grow 10-15 per cent in FY2012 mainly due to recovery from the earthquake and the Thai flood damages. We prefer the auto
sector as we expect a moderately weaker Japanese yen and a strong production
recovery next year. We also prefer stocks that could take advantage of Japan's
lower nuclear energy usage in the medium term." - Toru Ibayashi
and Kazuhiko Ogata

7: Asian
winners from EU woes

“We expect
Europe ex-UK banks to shrink their balance sheets and credit lines in order to
meet the capital ratio requirement of the recent EU debt deal. In such a
scenario, domestic banks and strong UK banks in the financial centers of Hong
Kong and Singapore could gain market share and enjoy higher credit spreads.
Some of the UK banks, as well as Hong Kong and Singapore banks which generally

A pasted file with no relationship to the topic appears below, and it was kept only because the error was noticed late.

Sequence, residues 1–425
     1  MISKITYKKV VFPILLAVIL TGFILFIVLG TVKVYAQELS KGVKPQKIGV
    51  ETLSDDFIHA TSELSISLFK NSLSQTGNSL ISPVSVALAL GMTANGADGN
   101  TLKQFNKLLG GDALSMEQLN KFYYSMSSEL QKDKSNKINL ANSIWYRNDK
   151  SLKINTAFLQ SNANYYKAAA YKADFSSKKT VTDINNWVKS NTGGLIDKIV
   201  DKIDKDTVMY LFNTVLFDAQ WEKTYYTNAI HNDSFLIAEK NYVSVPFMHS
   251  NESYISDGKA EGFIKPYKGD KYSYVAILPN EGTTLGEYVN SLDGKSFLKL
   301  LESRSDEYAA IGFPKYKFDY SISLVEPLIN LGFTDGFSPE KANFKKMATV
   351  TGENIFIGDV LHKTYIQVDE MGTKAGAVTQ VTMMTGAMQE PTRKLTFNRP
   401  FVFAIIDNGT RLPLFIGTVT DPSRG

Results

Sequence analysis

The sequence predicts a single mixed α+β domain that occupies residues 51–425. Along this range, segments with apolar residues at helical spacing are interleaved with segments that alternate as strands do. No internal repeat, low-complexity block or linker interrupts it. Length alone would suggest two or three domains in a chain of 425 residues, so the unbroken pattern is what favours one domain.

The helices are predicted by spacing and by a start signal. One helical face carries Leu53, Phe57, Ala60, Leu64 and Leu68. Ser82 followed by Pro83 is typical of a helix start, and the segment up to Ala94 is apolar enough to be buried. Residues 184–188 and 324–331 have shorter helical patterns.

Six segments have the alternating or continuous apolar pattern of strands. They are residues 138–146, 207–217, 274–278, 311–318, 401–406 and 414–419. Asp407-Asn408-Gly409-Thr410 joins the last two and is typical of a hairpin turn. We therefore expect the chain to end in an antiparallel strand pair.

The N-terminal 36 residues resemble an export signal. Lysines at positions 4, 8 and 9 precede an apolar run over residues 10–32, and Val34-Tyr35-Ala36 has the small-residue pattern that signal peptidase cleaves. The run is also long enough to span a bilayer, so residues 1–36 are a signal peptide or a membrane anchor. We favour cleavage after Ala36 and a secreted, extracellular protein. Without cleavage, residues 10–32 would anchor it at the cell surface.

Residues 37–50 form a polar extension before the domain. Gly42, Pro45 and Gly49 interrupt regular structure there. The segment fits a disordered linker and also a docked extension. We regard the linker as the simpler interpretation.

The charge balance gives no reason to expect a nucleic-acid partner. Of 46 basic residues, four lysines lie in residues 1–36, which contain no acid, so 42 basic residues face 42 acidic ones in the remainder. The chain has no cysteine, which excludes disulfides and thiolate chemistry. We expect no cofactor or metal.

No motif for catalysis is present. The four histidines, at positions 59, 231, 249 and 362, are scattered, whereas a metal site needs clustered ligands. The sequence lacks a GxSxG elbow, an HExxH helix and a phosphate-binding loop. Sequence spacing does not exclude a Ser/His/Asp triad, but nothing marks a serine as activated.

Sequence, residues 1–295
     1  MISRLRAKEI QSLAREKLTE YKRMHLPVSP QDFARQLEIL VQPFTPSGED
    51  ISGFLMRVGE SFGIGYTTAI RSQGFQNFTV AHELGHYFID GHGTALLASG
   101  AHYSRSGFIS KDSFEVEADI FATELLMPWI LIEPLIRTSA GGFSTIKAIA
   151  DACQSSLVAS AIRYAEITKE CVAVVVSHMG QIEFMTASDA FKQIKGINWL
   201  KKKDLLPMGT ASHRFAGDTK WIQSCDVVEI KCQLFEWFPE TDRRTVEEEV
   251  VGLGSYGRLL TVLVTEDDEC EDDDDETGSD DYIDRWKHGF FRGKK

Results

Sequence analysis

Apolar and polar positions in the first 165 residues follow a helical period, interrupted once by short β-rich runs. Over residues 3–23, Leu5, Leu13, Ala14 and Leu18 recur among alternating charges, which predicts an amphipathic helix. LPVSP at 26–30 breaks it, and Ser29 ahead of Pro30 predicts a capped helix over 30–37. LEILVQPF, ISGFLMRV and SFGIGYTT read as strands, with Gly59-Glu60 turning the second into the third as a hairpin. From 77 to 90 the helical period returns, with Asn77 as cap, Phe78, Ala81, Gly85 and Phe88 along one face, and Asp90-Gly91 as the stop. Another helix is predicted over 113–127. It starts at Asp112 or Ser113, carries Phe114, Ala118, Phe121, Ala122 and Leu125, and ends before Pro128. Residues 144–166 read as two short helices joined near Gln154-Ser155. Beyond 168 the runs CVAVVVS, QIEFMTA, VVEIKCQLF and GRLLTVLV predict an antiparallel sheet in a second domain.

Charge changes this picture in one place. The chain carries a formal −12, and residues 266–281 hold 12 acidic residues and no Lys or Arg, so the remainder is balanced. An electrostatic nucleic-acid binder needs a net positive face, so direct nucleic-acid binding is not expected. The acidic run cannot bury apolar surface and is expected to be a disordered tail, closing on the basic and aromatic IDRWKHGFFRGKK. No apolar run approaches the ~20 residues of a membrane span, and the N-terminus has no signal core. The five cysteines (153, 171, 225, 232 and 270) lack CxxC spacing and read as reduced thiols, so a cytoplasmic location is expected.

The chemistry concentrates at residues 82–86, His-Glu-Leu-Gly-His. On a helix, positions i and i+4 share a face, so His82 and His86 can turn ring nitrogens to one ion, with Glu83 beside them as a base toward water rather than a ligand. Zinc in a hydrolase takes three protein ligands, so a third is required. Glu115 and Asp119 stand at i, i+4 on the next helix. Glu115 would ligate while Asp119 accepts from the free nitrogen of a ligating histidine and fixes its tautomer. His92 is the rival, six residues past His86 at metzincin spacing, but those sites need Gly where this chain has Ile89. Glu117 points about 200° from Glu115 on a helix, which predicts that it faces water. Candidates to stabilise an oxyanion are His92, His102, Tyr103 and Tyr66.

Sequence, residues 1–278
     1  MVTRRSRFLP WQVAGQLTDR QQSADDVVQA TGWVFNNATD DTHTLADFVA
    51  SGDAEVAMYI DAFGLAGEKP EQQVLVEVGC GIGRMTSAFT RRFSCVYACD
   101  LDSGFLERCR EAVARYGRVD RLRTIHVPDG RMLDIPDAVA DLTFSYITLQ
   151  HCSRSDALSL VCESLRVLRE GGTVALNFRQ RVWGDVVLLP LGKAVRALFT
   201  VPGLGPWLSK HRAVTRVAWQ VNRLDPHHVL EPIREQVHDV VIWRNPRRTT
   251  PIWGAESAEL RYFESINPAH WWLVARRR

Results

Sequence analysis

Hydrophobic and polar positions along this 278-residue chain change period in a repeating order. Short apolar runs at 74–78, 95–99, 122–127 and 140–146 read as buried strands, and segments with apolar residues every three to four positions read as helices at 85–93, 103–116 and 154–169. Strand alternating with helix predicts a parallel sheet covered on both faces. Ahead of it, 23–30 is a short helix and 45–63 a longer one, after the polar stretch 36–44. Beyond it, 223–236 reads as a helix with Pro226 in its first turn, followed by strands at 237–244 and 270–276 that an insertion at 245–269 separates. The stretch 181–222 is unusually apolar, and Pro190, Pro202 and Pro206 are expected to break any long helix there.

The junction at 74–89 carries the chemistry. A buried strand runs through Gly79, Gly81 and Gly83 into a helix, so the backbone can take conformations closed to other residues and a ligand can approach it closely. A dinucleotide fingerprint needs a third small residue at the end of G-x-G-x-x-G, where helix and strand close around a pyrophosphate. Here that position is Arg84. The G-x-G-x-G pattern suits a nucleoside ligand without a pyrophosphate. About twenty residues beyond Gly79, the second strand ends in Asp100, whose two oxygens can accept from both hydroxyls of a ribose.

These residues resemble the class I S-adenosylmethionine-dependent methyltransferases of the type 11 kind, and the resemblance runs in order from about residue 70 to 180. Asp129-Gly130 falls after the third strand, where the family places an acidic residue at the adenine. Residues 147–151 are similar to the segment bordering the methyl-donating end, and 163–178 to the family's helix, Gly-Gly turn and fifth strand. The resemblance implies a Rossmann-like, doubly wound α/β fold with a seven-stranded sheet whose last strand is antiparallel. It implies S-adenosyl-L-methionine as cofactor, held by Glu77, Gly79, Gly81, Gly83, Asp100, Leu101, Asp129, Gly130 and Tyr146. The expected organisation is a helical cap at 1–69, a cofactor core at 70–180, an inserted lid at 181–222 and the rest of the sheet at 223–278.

have healthy liquidity and capital positions, have expressed willingness to pursue
long-term market opportunities in the event of an orderly credit withdrawal by
the European banks. With their strong Asian footprints, the UK and Singaporean
banks in particular could take market share from the Europe ex-UK banks in the
region.” - Patrick Ho and Chin Keong Tan

8: Thermal coal hard-landing concerns overblown?

“The discrepancy in performance between coal stocks and coal
spot prices implies market expectations of a pronounced coal price weakness
based on fears of a hard landing in China. Our estimate is for 8 per cent
growth, not a hard landing. The long-term story is the rise of Asian coal in
India and Indonesia over the next decade (and China to a smaller degree; see
Investment theme 5). We estimate that the share of coal in Asia's total energy
production would rise slightly to 63 per cent in 2020. While India has large
coal reserves, production growth is a mere 4-5 per cent yearly. As such,
producers are turning to Australia and Indonesia. We encourage stocking up on
some of the thermal coal names from these countries for the winter.” - Hartmut Issel